“He recalls developing his negatives by moonlight, having to make his way to the ferry on a road thick with often-time un-negotiable elephant herds”.
What Strikes me first about Elly Rwakoma’s “All The Tricks” is the text. I hesitated a little bit reading the first pages as Ell is photographed comfortably at his home, which was in the progress of being built during the making of this book. The text reads as if it were playing the hits of his life first, covering a Newsweek blunder and speaking about his most famous subject Idi Amin Sinking or swimming (depending on the caption) in the pool.
I don’t profess a large interest in photojournalism. I distrust photography as a system, which is allegedly relative. When reading the background of images, I often feel that the solipsism involved is fine for the person making the image, but I don’t feel I can relate. I also shudder at the idea that photography is the best tool for describing political situations, documents of lives or other tenuous relationships between perception and image. What “All The Tricks” does, while reading through the text is to remind me of the practice of photography and how easy it is coming from a western country to make and consume images. Rwakoma relates the story of his beginnings as a photographer by recounting the days spent going to school after his brother had sold his bull affording the young photographer the opportunity to do so. He recalls developing his negatives by moonlight, having to make his way to the ferry on a road thick with often-time un-negotiable elephant herds. He tells of carrying his chemicals with him and cutting down his negatives to get a surplus of possibilities. I never had this. I was spoiled. He had 12 exposures to work with, I had 36 and I realize in reading this that I was spoiled.
“Sending white people in to re-colonize Africa through appropriating an African image in fashion, photography and design is salacious. I am skeptical that we are not doing a further disservice when trying to “open Africa up” by process of image slavery”
Most of this book is dedicated to the archival. It is a way in which the publisher HIPUganda and YdocPublishing is taking a direct, possibly activist role in saving these small stories from Uganda. Speaking with Andres Stultiens on and off during the course of the review for this book, it reminded me that there are concerns for projects like this which, make the traversal from archival tendencies to a re-imagined and somehow conceptual book about one person’s story, no matter how much I disavow relative meaning. It stresses past and towards the obvious at the same time. Here is this story from a place you’ve probably never been to and from a cultural you are no doubt oblivious to and yet, the effort has been taken to transplant something overlooked into the western photobook hegemony. Though I may be skeptical of what the audience for a book like this should be, and again, I am not the best person to champion documentary tendencies-I find the result somehow necessary and oddly kind.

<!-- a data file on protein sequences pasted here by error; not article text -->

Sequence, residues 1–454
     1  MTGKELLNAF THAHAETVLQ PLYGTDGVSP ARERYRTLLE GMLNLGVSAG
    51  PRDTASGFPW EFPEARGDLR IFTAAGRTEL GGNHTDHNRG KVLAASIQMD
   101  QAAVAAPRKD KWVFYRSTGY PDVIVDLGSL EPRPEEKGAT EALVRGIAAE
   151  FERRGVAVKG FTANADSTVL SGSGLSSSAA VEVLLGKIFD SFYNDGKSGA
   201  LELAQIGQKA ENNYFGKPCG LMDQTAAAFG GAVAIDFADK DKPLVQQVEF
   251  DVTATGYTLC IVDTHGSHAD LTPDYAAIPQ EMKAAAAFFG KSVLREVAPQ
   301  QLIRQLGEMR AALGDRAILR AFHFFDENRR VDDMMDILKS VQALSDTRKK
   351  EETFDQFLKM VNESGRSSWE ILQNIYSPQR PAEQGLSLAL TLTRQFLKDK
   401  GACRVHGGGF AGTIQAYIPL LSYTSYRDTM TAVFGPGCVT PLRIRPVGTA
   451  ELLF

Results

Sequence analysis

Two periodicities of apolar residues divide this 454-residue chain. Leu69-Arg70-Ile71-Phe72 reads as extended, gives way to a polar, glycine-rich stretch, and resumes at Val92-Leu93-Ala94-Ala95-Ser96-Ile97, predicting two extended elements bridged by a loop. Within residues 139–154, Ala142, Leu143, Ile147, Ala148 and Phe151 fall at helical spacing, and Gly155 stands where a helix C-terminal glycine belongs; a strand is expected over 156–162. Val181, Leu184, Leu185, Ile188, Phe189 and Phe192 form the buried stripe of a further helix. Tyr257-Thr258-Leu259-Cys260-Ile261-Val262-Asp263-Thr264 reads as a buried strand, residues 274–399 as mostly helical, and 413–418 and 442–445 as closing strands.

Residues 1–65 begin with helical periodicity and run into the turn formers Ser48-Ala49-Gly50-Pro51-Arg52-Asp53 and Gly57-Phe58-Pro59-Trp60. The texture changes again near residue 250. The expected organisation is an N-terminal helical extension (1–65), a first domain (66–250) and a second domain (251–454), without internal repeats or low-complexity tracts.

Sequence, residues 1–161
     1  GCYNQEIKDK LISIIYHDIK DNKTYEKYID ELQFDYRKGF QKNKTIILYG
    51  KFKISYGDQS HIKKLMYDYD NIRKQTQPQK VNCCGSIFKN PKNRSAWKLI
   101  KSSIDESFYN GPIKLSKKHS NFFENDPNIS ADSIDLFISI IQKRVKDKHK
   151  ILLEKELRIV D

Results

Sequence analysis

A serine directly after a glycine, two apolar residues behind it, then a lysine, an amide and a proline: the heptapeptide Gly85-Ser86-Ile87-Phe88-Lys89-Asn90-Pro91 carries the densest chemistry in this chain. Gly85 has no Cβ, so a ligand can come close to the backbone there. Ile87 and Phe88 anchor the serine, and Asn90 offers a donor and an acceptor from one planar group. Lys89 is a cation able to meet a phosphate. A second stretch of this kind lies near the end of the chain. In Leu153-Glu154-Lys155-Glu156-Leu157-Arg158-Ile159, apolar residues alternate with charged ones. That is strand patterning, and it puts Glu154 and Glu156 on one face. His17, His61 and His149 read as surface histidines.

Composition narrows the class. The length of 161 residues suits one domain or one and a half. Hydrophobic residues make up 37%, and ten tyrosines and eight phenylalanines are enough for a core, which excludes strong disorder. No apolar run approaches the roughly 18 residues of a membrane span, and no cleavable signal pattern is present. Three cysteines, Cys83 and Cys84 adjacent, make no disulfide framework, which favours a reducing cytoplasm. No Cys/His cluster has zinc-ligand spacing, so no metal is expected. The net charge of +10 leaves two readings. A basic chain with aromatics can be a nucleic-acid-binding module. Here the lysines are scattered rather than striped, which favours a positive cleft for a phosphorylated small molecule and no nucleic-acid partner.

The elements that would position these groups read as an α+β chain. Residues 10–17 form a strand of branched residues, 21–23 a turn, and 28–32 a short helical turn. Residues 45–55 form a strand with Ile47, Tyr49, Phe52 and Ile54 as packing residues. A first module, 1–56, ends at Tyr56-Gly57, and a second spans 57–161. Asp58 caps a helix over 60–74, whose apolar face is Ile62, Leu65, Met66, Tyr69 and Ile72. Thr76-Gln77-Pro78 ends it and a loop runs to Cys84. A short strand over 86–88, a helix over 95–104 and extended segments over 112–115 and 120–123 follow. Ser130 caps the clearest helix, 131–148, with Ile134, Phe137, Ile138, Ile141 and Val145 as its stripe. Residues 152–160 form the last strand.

If I were to be critical, I find the book somewhat overdesigned for its genesis. That is emphatically not to say it isn’t good design. The opposite, it is great. The images are interesting in so much as they “record” a period of time and place of which I am unfamiliar. I am trying to beat down the impulse to be affected by the exotic within, but find myself being pulled towards stories of elephants and the like for that very reason, but this is my problem as a privileged reader. I am happy this book exists even if it is not for me. I am happy to see the author inside the book, his images and also his story told by his own mouth. It largely separates a book like this from the flotsam and jetsam of “voyeuristic Africa” which seems to be all the rage these days. Sending white people in to re-colonize Africa through appropriating an African image in fashion, photography and design is salacious. I am skeptical that we are not doing a further disservice when trying to “open Africa up” by process of image slavery. This book avoids that issue fully and for that it has my endorsement. Finally an Africa related photobook that I do not think is taking the piss. Recommended.
(All rights reserved. Text @ Brad Feuerhelm. Images @ Elly Rwakoma/Andrea Stultiens.)